The annual IFA (Internet Football Association) WorldNet competition is a highly anticipated date in the diary for all supporter’s teams. Possibly the only event of it’s type in the world, it sees teams of football fans join together for a weekend long contest in Nottingham that combines a competitive element with the of strengthening bonds between clubs and the occasional light beverage.
AFC Halifax have some impressive history in the competition winning the open age contest in both 2013 and 2014, while the veterans team reached the final of the ‘Big Tam’ veterans competition for four straight years from 2010 to 2013, winning in both 2010 and 2012. Since then 7 years of hurt have followed with no further silverware to pick up.
A huge thank you must go to the IFA committee who managed to organise this weekend while still subject to Coronavirus restrictions, the 2020 contest had to be cancelled due to the pandemic and so this year was a chance to return to something like normality for all teams. Even so the current restrictions meant usual entrants from outside the UK, such as Lens and Arsenal Nigeria, were unfortunately unable to be there. Hopefully 2022 will see their return.
At this year’s contest AFC Halifax were represented by both an open age team and a veterans team once again, an achievement in itself for a team with a limited fanbase to find players from. Numbers weren’t helped by a few late withdrawals, a couple for last minute work commitments and the open age losing vice-captain Lee Casalino to a positive covid test a week beforehand. The weather forecast suggested it was going to be a little on the warm side and it wasn’t wrong, even the early Saturday kick offs took place with the temperature at 27 degrees, the later games were in the low 30’s. It promised to be a gruelling weekend!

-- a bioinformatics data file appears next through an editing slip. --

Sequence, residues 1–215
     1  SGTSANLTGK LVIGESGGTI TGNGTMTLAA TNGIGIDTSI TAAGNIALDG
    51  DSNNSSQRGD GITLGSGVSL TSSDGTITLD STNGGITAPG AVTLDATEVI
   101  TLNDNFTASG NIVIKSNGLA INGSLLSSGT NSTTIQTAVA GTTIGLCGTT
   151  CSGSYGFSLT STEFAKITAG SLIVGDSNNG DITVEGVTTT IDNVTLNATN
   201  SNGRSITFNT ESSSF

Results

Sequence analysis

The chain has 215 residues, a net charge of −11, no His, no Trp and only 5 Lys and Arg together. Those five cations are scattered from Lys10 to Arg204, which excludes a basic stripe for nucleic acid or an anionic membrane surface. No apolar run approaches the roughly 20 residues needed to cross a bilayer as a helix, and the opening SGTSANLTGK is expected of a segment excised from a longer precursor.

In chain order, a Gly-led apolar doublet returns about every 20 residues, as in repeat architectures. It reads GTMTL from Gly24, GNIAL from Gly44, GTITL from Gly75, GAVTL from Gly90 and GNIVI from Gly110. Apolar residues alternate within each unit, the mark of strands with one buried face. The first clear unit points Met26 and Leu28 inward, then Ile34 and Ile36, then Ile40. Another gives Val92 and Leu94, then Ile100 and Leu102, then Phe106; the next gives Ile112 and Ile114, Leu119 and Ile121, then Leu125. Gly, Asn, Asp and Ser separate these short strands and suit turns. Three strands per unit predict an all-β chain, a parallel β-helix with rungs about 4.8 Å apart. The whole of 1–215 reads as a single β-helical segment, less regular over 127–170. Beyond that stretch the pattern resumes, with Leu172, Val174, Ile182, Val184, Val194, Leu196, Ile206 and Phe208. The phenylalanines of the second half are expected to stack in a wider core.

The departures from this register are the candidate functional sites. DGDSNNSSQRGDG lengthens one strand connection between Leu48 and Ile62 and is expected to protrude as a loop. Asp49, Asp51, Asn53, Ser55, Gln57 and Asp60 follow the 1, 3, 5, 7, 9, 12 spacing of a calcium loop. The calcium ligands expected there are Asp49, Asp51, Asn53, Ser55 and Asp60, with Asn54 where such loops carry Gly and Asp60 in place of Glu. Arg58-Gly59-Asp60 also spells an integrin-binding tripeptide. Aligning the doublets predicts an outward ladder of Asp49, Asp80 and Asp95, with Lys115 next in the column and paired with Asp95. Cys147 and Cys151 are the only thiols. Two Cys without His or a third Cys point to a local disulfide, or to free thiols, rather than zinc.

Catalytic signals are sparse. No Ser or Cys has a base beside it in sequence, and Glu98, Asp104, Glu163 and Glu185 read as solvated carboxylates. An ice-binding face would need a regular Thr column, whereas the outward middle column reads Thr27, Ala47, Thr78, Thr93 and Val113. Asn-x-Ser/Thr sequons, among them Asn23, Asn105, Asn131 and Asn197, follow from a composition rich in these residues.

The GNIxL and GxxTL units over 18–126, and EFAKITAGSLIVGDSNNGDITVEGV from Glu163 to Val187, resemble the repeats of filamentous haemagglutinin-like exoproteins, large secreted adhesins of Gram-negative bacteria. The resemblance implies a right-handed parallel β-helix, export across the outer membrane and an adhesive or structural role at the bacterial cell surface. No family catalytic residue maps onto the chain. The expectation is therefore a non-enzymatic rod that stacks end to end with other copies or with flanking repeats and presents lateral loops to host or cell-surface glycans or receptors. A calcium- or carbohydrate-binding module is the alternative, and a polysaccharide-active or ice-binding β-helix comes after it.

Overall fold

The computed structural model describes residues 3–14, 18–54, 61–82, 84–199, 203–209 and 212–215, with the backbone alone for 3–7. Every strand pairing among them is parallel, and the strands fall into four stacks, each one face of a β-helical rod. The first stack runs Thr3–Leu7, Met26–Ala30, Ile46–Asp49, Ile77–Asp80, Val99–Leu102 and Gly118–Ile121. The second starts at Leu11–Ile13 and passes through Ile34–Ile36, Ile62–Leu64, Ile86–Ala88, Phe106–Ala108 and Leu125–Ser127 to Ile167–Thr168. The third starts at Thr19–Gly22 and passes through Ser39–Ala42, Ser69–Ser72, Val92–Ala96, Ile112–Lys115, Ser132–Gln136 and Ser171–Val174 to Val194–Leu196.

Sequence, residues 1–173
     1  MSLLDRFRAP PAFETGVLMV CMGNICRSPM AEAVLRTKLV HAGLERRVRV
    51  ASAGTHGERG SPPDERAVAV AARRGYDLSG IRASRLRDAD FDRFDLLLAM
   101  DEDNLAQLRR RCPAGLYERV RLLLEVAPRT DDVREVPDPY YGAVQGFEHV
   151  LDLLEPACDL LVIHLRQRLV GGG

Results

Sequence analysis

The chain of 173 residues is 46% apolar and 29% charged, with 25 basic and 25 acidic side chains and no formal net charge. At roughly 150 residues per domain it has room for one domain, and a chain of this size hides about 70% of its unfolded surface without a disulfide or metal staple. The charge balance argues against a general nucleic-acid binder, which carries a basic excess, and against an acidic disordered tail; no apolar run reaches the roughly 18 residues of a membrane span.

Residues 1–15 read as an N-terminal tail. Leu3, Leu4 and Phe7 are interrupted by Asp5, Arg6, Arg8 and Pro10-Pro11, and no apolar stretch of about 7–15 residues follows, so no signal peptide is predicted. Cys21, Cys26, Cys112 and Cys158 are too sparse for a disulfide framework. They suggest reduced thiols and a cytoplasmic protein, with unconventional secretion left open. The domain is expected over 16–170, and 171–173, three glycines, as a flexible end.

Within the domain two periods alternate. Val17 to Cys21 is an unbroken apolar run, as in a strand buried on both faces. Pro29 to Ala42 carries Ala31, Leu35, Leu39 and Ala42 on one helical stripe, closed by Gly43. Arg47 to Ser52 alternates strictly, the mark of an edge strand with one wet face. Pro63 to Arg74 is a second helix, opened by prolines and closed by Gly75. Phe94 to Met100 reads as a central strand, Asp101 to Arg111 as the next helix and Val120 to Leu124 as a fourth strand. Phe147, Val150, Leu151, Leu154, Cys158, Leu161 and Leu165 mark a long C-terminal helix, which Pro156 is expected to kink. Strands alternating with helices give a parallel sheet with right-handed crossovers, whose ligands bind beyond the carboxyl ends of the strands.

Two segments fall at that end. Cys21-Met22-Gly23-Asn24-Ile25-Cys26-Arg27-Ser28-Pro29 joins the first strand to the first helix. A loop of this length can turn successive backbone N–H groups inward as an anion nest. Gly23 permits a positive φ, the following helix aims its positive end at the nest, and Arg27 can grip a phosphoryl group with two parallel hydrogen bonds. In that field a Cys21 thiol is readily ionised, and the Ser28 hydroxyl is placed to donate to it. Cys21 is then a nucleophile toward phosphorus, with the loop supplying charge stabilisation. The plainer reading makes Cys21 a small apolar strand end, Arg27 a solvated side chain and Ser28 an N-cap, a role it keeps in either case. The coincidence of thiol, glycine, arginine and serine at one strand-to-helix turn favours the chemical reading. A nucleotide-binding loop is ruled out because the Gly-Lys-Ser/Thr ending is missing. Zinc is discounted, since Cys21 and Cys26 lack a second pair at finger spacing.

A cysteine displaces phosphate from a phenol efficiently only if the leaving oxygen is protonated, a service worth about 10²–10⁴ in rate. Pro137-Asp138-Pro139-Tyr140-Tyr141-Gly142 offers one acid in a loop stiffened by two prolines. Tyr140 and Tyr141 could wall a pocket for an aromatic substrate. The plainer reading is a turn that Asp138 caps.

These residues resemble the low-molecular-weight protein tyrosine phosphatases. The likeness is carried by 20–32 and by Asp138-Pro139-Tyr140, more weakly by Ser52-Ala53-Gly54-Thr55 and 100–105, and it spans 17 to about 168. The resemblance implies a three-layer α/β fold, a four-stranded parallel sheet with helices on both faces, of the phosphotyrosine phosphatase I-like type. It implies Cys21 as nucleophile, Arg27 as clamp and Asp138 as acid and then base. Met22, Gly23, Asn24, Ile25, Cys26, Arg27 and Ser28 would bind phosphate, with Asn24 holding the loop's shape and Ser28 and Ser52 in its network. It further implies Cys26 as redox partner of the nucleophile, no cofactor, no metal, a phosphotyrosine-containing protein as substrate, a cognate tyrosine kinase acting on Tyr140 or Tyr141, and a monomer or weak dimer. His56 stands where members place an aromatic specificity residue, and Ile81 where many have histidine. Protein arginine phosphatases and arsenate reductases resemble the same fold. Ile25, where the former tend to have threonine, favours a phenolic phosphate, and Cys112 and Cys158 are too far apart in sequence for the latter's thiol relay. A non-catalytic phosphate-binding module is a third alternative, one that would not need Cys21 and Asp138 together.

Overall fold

First up was the vet’s team to face Oxford Vets, a team they seem to be drawn in a group with every year. As always it was a tough, close contest that this time saw Oxford edge the match 1-0 and Halifax pick up two injuries, including one for Adam Robinson, who’s return from his latest retirement lasted around 10 minutes. Hopefully the boots will be dusted off for a little longer next year.
The open age team got what looked a tricky group underway with a disappointing 3-0 defeat to Manchester United. Whilst 3-0 seemed to flatter the opposition a little it showed the difference between a side who took their chances and one who didn’t.
Neither team had long to wait for the next game to come around. The vets were up against Gillingham this time and while manager is asking for consistency from players, this may not have been exactly what manager Andrew Hemblys was after, as once again, they ended up on the wrong side of a 1-0 defeat.
After being despatched 3-0 by the red half of Manchester 40 minutes earlier, the open age team were up against the blue half this time. 1-0 down at the break after a 20 yard strike that managed to sneak through the keeper’s legs, an improved performance saw Robbie Thompson dip a free kick over the keeper and under the bar to level at 1-1 soon after the restart, unfortunately this was swiftly followed by a City cross that dipped over Wigglesworth in the Halifax goal and dropped into the corner of the net. A late third gave Man City a 3-1 and meant Halifax would be at best 3rd or 4th in their group, going into the plate rather than the cup on day two.
Both sides had a longer break before their final group matches, time spent either desperately trying to find any patch of shade available or queuing for the slowest burger van in the world. When kick off finally arrived both teams were a little stiffer and a lot pinker than they were after game two!